Randomization and Masking

The trial was based on a 2 × 2 factorial design. Patients were randomized 1:1 between receiving cyclophosphamide and not, and 2:1 between receiving MVA-5T4 and not, resulting in the following 4 treatment arms: control, or watch and wait (unless clinically indicated; group 1), metronomic cyclophosphamide only (group 2), MVA-5T4 only (group 3), or cyclophosphamide and MVA-5T4 (group 4) (Figure 1). Randomization was undertaken at the Clinical Trials Office, University Hospital of Wales, using an unstratified balanced block design, with the outcome communicated to the attending physician immediately after randomization and participant enrollment. Treatment allocation was not masked in this open-label study.

Procedures

Cyclophosphamide (Pharmacia Ltd) was orally administered in doses of 50 mg twice per day on treatment days 1 to 7 and 15 to 21 or until the patient experienced relapse. Groups 2 and 4 patients were contacted by telephone during cyclophosphamide treatment to ensure compliance. MVA-5T4 was administered in an intramuscular injection at a dose of 1 × 109 50% tissue culture infectious dose (TCID50) on treatment days 22, 36, 50, 64, 78, and 106. Peripheral blood samples were obtained at regular intervals (Figure 2).

We performed physical examinations and full blood cell counts, measurement of urea and electrolyte levels, and liver function tests at each blood sample obtainment. Tumor burden was assessed quantitatively using Response Evaluation Criteria in Solid Tumors (RECIST) criteria after computed tomographic scans of the abdomen and chest during treatment week 12. Beyond 16 weeks of treatment, assessments were performed every 12 weeks until documented disease progression, whereby the patient would be treated with standard chemotherapy as indicated.

To assess immunologic responses, peripheral blood mononuclear cells were isolated from heparinized blood samples by centrifugation over density gradient media (Ficoll; GE Healthcare) and cultured in triplicate with 5T4 peptide pools or control antigens for 14 days. We performed IFN-γ enzyme-linked immunospot assays to assess for 5T4-specific T-cell responses, as previously described.10 Positive responses were identified as having at least 20 spot-forming cells per 105 cultured peripheral blood mononuclear cells and double the number of spots compared with background.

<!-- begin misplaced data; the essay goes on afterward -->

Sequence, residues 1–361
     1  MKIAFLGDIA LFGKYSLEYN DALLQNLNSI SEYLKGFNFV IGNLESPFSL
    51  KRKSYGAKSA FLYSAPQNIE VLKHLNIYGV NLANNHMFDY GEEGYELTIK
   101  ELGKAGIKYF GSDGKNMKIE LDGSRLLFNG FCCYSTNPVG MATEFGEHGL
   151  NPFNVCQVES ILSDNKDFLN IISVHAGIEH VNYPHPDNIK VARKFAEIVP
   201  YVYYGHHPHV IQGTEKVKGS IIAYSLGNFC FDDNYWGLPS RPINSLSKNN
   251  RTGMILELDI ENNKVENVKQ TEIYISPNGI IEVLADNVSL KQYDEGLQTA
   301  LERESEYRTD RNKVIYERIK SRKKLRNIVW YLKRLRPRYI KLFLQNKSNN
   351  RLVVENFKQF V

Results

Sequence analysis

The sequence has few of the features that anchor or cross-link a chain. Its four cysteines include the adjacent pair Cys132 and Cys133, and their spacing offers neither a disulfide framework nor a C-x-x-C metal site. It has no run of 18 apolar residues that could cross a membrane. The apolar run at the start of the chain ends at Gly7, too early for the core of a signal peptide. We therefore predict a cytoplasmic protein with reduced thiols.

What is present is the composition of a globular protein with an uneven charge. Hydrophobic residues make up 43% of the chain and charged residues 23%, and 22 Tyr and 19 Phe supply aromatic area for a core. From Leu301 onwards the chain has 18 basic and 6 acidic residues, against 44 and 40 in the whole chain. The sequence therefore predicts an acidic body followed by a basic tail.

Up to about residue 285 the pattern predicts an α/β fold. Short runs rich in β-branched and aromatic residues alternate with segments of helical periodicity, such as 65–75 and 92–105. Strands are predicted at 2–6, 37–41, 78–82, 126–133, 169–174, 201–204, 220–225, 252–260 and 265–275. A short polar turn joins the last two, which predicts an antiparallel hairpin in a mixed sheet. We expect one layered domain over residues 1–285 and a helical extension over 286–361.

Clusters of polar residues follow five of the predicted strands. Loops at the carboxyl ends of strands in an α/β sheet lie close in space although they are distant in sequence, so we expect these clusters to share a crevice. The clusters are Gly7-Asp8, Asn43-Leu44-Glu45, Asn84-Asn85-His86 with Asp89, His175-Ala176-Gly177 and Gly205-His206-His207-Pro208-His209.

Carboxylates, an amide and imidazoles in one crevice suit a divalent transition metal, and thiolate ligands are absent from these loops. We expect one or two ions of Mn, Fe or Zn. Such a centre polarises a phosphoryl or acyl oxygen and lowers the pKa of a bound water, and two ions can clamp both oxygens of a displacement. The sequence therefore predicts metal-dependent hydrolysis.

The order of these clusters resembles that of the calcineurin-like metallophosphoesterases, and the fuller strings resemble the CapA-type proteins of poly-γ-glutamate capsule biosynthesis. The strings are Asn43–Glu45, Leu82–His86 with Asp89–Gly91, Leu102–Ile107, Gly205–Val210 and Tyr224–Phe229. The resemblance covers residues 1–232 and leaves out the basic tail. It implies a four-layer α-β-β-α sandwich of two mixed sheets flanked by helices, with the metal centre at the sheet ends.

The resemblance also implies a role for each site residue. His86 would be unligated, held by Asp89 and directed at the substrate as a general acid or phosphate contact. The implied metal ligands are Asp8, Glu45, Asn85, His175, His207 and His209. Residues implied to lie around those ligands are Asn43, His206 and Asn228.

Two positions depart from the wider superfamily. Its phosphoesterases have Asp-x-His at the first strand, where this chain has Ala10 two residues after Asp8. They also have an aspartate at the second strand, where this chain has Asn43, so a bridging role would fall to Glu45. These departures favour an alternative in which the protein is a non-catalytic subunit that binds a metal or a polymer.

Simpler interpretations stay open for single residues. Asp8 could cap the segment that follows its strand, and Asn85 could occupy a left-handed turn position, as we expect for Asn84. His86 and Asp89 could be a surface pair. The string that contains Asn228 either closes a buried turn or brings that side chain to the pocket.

To perform T-cell counts, 3 μL of CD3-APC, CD4-PE, and CD8-PerCPCy5.5 were added to 50 μL of whole heparinized blood using a reverse pipetting technique. Red blood cells were lysed before addition of 50 μL absolute counting beads (CountBright; ThermoFisher); samples were acquired on a cell analyzer (FACSCanto II; BD Biosciences), and cell counts were calculated according to the manufacturer’s instructions. To calculate the proportion of CD4+ T cells expressing Foxp3, fresh peripheral blood mononuclear cells were stained with a fixable aqua dead cell stain kit (Live/Dead; Thermo Fisher Scientific) and then with CD4-APCh7, followed by fixation and/or permeabilization and intracellular staining with Foxp3-APC.

Plasma samples were collected from blood samples separated over the density gradient media to measure 5T4-specific antibody level, determined using semiquantitative enzyme-linked immunosorbent assays as previously described.17 Polyclonal plasma positive for 5T4 was used as a standard curve for each assay. A 2-fold increase in 5T4 antibody relative units was established as the level at which a false-positive rate of less than 1% could be expected, and antibody levels were considered to be positive above this value.

Outcomes

Given the trial’s primary objective to measure the effect of MVA-5T4 and/or cyclophosphamide on antitumor immune responses, the primary end point was the magnitude of 5T4-specific responses at treatment day 43 (week 7). Secondary end points included the kinetics of anti-5T4 immune responses over time, PFS, overall survival (OS), treatment-emergent adverse events, and Treg cell depletion during cyclophosphamide treatment. We defined PFS as the time from the date of trial randomization to the date of first documented tumor progression, as determined by evidence of radiologic progression on computed tomographic scan or clinical deterioration as assessed by the oncologist. We defined OS as the time from the date of trial randomization to the date of death due to any cause.